Deduction vs Induction

Deduction vs Induction

Deduction

Deductive logic takes a hypothesis to serve as a premise to be tested by looking for evidence that falsifies it. The logical conclusion reveals whether the hypothesis is still valid and sound, or needs to be revisited. Due to this, it is also known as “top-down” logic. It’s the only approach for natural, positivist science and typically uses quantitative approaches (Robson, 2011). Examples:

  • All swans are white (major premise), this is a swan (minor premise) therefore it is white (logical conclusion)

In testing, this starts with an initial claim of quality (such as a user story or design) and then tests the software to find evidence to falsify the initial claim. Stories of benefit and risk can be hypothesised and tested for evidence that falsifies and supports a counter-claim of quality respectively. These form the premises. A logical conclusion is then formed whether the initial claim or hypothesis is still sound or whether a serious threat to value exists.

 

Induction

Inductive logic is more open-ended. Start with little or no premise and look for evidence first. A hypothesis is then formed from the logical conclusion that explains all of the evidence. Due to this, it’s also known as “bottom-up” logic. It’s the typical approach used by relativist science and typically uses qualitative approaches (Robson, 2011). Examples:

  • This swan is white (premise), all these other swans are white (premise), therefore all swans are white (logical conclusion)

In testing, this starts without any hypotheses of benefit and risk, or even any initial claims of quality (such as user stories). This means specifications aren’t required for testing so long as as there’s software to test (the opposite is also true). Instead, testing begins and various observations are made that can be compared against other expectations. These forms the premises. From these observations and expectations, stories of quality can be expanded and hypothesised where they represent a serious threat to value. This forms the logical conclusion.

 

Abduction

Abductive logic is a third type of logic but less precise, and therefore less scientific (but not any less valid or sound), but is suited to software testing when making a best argument for threatened value in a bug report or speculating on the cause of a bug. Similar to induction, abductive reasoning is taking multiple pieces of evidence and forming a most likely conclusion based on them. Examples:

  • There are large white feathers on the ground (observation), there are swans nearby (observation), therefore they probably are swan feathers (most likely conclusion).

In testing, there is a bug in this feature (observation), there is a similar bug in this feature (observation), therefore the shared underlying code between them most likely has an error (most likely conclusion).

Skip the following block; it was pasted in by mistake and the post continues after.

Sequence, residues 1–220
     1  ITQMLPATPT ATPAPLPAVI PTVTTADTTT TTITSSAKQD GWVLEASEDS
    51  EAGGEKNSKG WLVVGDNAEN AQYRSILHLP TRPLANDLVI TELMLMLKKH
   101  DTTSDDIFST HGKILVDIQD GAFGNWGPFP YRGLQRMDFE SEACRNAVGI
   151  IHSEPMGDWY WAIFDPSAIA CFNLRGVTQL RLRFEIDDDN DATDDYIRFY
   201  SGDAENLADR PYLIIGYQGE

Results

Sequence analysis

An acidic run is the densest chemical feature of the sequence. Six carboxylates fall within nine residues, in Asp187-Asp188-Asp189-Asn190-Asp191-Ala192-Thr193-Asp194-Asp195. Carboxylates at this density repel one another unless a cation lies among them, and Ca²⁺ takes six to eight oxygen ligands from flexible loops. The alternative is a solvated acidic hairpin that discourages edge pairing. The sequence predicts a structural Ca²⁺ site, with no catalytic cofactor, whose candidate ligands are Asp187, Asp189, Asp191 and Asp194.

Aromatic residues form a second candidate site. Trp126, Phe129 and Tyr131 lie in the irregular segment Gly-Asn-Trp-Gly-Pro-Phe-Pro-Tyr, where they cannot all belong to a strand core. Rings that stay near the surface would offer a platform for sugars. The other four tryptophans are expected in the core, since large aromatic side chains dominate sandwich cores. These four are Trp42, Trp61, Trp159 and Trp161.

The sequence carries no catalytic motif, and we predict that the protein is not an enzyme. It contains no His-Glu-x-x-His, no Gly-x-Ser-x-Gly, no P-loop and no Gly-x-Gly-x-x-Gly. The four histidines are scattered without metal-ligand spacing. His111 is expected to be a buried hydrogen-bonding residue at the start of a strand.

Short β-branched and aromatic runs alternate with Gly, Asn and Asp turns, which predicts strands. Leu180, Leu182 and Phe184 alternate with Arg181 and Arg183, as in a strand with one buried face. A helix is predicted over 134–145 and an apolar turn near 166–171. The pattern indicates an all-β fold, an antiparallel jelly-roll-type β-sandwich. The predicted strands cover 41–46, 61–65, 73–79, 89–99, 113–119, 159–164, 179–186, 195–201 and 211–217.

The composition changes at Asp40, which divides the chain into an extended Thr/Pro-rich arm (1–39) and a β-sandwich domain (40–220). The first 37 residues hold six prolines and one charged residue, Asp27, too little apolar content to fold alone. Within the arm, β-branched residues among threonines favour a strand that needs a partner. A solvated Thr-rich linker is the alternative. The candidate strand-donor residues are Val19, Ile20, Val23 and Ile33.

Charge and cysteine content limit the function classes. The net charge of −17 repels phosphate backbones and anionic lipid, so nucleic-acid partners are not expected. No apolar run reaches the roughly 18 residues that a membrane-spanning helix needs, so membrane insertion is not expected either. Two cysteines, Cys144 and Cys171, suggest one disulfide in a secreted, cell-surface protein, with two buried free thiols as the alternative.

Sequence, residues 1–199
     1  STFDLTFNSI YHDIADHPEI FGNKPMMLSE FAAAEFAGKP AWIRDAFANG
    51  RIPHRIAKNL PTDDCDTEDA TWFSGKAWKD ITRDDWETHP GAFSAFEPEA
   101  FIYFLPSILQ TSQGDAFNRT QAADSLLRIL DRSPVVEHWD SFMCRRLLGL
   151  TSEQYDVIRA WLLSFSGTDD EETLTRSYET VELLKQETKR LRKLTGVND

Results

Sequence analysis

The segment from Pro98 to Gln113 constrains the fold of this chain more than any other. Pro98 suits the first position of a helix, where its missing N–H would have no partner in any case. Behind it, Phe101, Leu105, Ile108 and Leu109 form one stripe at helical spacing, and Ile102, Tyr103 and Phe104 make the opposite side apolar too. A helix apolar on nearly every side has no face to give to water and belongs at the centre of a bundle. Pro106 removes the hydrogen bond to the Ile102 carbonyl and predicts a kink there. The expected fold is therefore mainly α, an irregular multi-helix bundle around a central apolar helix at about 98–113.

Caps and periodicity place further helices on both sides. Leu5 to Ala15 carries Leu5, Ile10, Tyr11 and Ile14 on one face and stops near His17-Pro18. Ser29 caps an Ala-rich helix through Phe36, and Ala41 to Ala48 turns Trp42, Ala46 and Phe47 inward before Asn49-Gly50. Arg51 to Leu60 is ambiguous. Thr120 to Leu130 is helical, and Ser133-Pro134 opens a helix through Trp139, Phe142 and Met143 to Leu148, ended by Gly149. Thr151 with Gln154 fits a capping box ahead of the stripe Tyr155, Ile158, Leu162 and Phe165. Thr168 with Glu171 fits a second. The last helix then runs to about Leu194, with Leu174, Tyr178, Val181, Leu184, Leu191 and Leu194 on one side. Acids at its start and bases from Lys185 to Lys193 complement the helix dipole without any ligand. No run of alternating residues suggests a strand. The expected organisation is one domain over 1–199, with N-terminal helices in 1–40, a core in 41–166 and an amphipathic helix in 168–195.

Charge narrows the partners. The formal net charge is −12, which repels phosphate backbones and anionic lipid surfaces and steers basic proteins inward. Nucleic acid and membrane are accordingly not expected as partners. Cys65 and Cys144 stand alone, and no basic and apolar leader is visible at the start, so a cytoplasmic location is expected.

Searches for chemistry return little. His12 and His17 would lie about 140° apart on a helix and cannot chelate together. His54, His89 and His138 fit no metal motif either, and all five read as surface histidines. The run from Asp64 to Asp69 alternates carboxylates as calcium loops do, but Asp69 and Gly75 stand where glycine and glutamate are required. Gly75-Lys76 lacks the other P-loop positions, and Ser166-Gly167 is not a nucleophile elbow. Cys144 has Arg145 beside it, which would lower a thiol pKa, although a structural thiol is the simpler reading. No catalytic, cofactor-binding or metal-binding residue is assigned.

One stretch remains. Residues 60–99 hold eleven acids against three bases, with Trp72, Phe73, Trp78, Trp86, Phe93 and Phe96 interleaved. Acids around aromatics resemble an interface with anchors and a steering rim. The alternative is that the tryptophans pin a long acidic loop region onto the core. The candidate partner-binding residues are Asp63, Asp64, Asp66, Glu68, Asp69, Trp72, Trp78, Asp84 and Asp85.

As with science, this important deduction and induction dichotomy is represented as two sides to software quality testing that takes the form of questions:  “does the software behave as intended under the conditions that it’s supposed to be able to handle?” (requiring a “checking” approach) and “are there any other risks?” (requiring an “exploring” approach) (Hendrickson, 2003). The first question and approach corresponds to the deductive approach as a tester starts with a premise and then looks for the evidence to falsify (or support) it. The second question and approach corresponds to the inductive approach as a tester starts without a premise and instead looks for the evidence to form one.

The inductive and abductive is why the majority of testing is to uncover new information and build hypotheses, not to confirm/disconfirm existing claims and hypotheses, and therefore has strong roots in grounded theory (so called because the theory is “grounded” in reality) (Edgren, 2011).

 

Logical Loops

However rather than being two separate activities, both types of logic are linked together where they feed off and into each other to form a single continuous loop.

In science, there is a constant interplay between inductive inference (based on observations) and deductive inference (based on theory), until we get closer and closer to the ‘truth,’ which we can only approach but not ascertain with complete certainty

(Wassertheil-Smoller, 2017)
Inductive exploring to uncover and build… Inductive and deductive loops leading to quality Deductive checking to falsify and refute…

 

Deductive testing is checking to confirm or disconfirm. It takes stories of quality (hypothesis premise) and performs experiments and observations (premises) in an attempt to falsify (or support) them (conclusion). Should falsification occur, then the benefit or risk is revisited or reformed feeding into inductive testing.